The admission, contained in the second so-called Halloween memo posted to the Web this week by programmer Eric Raymond, is counter to the company's public statements downplaying the significance of Linux, and its suggestions that Fortune 1,000 companies have little interest in open source software (OSS).
The new memo also contains a single sentence suggesting that the company may investigate the use of patents and copyrights to combat Linux. Microsoft representatives were not immediately available to comment further on the statement.
In a preface to the memo, Raymond states that the document had been leaked to him by a former Microsoft employee. A Microsoft representative today said the document appears to be authentic, and said it is the second in "what could be a series" of similar memos posted to the Web.
Yesterday, a Microsoft representative downplayed the significance of the initial memo.
According to the new memo, written by Microsoft engineer Vinod Valloppillil, Linux "represents a best-of-breed Unix, that is trusted in mission critical applications, and--due to its open source code--has a long term credibility which exceeds many other competitive OS's."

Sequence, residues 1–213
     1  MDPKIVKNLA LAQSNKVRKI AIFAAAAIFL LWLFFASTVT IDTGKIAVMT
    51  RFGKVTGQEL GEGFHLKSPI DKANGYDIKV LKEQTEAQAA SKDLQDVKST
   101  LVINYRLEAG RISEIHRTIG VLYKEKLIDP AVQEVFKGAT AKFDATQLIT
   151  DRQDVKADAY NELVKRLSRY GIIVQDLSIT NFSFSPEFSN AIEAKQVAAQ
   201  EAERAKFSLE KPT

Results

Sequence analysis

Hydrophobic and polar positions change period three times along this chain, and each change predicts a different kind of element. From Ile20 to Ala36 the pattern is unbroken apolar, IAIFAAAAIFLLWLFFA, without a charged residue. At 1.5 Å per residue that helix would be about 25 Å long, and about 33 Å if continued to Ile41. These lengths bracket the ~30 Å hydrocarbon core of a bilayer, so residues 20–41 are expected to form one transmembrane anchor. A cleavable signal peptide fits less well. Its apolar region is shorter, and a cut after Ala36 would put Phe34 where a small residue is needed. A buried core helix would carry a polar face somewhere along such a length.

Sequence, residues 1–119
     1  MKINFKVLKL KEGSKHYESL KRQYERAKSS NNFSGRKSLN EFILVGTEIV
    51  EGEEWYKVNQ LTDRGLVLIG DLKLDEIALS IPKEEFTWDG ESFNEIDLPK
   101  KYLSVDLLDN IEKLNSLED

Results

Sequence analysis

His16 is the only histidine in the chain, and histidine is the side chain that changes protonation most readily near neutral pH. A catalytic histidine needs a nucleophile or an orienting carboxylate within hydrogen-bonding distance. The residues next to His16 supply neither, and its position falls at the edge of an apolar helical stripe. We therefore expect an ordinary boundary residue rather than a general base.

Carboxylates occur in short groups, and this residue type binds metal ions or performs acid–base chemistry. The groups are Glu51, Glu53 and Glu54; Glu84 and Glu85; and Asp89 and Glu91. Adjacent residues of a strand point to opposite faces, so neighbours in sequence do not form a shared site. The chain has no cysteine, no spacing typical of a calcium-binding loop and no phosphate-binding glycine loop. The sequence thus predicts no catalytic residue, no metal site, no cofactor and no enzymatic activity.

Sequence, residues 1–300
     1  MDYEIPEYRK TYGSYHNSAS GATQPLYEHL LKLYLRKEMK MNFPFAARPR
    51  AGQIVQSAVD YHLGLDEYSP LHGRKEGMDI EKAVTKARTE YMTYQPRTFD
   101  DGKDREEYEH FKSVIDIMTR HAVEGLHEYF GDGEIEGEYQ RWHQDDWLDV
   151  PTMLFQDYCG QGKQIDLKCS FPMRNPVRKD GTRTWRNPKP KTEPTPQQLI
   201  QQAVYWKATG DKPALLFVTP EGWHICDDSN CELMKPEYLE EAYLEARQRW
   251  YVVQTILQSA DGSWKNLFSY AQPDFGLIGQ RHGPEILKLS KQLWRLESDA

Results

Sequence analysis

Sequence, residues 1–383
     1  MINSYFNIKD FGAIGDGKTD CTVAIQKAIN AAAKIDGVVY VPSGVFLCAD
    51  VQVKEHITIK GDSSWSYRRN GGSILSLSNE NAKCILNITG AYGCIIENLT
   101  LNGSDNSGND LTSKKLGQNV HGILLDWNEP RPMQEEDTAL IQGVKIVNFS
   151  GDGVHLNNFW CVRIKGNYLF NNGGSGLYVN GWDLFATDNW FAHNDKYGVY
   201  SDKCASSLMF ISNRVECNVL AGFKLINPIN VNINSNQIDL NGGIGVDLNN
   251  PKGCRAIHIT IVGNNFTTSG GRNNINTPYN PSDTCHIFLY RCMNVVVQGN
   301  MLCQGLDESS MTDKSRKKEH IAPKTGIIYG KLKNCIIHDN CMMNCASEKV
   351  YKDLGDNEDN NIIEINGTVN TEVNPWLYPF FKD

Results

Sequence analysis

In what the memo's author considers the "worst case" scenario for Microsoft, Linux will "provide a mechanism for server OEMs to provide integrated, task-specific products and completely bypass Microsoft revenues in this space."
Another new revelation contained in the new memo is that Microsoft considers Linux to be a threat on both server and client systems. "Long term, my simple experiments do indicate that Linux has a chance at the desktop market..," the memo states. The initial memo only cited the server market as a competitive battleground between Linux and Windows NT, now renamed Windows 2000.
The first memo, posted to the Web over the weekend, showed that Microsoft executives fear that the growing popularity of Linux and other open source software poses a direct threat to the company's revenue stream, and suggests the company could respond by modifying open Internet protocols to become proprietary technologies that tie consumers and developers to Microsoft products.
In the new memo, some of the reasons for the company's fears are more clearly defined. The memo states:
The author of the memo also writes that he believes consumers "love" Linux.